Fossil Friday 5/15/15: A kogiid whale

UF280000, a dorsal view of the skull of Nanokogia isthmia

UF280000, a dorsal view of the skull of Nanokogia isthmia. (Photo excerpted from Velez-Juarbe et al. 2015)

For this Fossil Friday we have a whale of a discovery to share, specifically the skull of a kogiid whale. Nanokogia isthmia is the first fossil kogiid whale found in the Central America and Caribbean region. It was collected from the Piña Facies of the Chagres Formation and is about 7.5 million years old (late Miocene). Kogiids are a family of odontocete (toothed) whales and are represented by only two species in the modern day, Kogia breviceps and Kogia sima. Although kogiids can be found in waters worldwide, they are quite rare both today and in the fossil record. This discovery of a kogiid whale in Panama helps show that these whales were a part of Neotropical marine communities since at least the late Miocene.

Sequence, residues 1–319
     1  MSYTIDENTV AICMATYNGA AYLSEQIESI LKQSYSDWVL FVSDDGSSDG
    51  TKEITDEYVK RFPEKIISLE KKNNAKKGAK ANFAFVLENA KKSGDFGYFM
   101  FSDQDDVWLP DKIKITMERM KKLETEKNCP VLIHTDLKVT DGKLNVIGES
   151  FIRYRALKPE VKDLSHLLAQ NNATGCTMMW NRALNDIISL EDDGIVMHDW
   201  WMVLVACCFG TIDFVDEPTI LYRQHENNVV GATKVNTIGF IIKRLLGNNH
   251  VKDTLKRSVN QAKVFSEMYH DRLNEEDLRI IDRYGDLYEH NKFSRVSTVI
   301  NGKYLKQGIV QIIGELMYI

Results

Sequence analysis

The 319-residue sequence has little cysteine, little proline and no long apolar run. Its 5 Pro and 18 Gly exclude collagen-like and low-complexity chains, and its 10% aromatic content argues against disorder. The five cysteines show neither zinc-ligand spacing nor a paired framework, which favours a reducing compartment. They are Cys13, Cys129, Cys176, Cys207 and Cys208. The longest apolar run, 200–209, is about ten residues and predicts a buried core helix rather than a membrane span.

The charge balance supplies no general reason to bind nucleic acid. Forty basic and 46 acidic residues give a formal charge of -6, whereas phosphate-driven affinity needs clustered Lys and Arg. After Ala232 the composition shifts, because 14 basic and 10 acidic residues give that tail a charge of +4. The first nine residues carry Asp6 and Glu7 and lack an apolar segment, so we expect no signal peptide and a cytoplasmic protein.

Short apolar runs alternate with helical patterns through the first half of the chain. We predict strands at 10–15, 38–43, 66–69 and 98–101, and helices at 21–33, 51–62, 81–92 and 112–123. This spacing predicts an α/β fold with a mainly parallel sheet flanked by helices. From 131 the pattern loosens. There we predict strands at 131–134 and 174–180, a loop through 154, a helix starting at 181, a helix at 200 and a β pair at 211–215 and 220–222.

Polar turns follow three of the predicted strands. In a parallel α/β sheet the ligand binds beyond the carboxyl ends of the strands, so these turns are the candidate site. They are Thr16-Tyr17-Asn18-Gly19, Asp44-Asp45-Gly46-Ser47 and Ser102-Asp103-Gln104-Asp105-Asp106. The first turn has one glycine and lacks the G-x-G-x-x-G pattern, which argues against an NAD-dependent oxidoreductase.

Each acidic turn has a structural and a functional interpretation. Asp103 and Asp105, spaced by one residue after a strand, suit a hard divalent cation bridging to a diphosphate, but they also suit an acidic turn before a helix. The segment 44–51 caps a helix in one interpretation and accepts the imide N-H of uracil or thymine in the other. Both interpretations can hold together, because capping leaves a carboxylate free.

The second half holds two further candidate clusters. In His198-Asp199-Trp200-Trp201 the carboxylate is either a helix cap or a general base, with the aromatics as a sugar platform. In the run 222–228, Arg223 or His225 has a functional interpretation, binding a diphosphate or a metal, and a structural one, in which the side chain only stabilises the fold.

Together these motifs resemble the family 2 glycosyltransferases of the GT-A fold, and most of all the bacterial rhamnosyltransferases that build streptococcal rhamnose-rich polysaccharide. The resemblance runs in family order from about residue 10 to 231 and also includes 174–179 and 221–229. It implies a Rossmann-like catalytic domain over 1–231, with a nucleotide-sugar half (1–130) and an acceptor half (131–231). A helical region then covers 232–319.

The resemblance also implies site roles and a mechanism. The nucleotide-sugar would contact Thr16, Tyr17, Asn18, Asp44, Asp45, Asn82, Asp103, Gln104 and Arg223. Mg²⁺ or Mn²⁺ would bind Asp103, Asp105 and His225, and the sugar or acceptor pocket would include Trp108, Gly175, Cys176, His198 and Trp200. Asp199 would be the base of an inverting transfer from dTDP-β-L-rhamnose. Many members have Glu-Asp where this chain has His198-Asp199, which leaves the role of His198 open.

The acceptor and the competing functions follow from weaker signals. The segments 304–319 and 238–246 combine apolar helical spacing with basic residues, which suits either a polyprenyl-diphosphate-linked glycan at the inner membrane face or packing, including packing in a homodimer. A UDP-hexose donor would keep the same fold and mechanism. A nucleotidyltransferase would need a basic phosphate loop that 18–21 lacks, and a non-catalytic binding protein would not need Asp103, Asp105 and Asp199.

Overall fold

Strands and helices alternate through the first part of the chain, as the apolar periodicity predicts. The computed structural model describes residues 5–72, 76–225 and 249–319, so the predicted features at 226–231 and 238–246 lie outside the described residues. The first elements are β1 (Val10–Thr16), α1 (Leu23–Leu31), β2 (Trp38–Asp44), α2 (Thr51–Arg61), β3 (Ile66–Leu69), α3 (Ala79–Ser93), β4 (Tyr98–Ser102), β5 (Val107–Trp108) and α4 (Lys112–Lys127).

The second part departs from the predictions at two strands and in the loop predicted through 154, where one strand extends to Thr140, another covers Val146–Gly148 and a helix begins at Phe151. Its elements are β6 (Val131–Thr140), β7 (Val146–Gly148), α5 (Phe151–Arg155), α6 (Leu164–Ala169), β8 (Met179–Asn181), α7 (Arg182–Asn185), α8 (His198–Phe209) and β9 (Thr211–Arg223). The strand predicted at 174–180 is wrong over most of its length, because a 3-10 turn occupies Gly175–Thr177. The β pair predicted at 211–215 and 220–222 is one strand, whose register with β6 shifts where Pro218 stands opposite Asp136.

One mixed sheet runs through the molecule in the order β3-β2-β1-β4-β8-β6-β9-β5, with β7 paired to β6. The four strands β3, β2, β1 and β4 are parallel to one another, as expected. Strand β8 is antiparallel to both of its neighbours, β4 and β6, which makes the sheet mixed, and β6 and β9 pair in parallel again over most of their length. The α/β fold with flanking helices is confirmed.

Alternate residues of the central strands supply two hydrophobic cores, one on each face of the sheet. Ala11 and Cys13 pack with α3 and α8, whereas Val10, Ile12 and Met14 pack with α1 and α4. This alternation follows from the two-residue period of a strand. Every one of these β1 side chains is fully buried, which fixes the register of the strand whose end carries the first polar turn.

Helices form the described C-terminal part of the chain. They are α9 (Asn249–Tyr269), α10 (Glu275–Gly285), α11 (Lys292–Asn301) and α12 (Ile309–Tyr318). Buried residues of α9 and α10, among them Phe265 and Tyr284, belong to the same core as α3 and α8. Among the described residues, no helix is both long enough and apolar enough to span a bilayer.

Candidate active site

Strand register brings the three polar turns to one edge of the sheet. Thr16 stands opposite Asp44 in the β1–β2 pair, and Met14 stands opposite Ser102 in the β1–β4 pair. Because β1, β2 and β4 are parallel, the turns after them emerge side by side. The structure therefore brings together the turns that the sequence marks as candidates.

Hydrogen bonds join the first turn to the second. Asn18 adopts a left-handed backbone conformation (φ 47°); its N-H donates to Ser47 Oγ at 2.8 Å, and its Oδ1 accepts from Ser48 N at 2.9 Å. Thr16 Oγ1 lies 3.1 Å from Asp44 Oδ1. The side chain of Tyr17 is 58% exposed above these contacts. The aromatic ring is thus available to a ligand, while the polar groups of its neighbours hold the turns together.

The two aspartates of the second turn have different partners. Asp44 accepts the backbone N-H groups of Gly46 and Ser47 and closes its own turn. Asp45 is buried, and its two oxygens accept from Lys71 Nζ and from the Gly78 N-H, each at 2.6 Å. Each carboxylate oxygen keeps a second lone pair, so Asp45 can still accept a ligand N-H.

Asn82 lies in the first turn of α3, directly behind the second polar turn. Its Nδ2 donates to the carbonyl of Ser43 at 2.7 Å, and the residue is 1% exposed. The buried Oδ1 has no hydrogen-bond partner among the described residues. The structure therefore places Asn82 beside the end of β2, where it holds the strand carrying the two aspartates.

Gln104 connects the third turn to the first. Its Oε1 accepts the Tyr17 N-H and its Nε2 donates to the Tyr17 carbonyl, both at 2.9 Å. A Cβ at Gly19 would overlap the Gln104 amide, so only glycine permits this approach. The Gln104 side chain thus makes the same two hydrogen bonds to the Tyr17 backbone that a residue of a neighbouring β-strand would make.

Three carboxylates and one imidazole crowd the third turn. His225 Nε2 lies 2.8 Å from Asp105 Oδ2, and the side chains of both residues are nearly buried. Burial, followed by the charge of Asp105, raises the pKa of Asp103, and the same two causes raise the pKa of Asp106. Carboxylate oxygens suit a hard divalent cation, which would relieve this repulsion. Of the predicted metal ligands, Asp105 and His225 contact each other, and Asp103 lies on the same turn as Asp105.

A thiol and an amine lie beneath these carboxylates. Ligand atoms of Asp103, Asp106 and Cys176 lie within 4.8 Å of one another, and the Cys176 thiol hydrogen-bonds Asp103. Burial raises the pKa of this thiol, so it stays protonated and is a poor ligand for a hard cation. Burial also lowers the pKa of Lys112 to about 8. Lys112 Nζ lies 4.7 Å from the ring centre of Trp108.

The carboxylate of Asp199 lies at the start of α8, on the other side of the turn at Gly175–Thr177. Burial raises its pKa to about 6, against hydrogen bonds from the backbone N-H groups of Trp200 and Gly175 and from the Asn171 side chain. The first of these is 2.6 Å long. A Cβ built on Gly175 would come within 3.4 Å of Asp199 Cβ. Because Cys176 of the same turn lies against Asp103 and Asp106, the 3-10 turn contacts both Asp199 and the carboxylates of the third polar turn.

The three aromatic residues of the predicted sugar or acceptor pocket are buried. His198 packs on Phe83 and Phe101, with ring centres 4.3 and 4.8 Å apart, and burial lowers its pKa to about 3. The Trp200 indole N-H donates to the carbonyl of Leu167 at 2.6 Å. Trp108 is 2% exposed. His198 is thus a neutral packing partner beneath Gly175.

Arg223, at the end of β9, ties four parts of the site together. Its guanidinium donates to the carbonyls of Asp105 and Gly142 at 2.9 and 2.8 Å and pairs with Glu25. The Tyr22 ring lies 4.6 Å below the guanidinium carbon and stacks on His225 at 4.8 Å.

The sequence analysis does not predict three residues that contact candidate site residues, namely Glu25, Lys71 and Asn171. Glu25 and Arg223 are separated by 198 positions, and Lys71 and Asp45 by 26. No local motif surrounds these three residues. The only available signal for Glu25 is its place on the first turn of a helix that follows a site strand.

The description of this discovery was written by former PCP PIRE postdocs Jorge Velez-Juarbe (first author), Aaron Wood, and Austin Hendy and former STRI fellow Carlos De Gracia. Be sure to check out their publication on this fascinating find here.

kogia_breviceps_submerged

A photo of a modern Kogia breviceps, the pygmy sperm whale. (Photo courtesy of the National Oceanic and Atmospheric Administration)

Reference:

Velez-Juarbe, J., Wood, A. R., De Gracia, C., Hendy, A. J. W. (2015) Evolutionary Patterns among Living and Fossil Kogiid Sperm Whales: Evidence from the Neogene of Central America. PLoS ONE 10(4): e0123909. doi:10.1371/journal.pone.0123909

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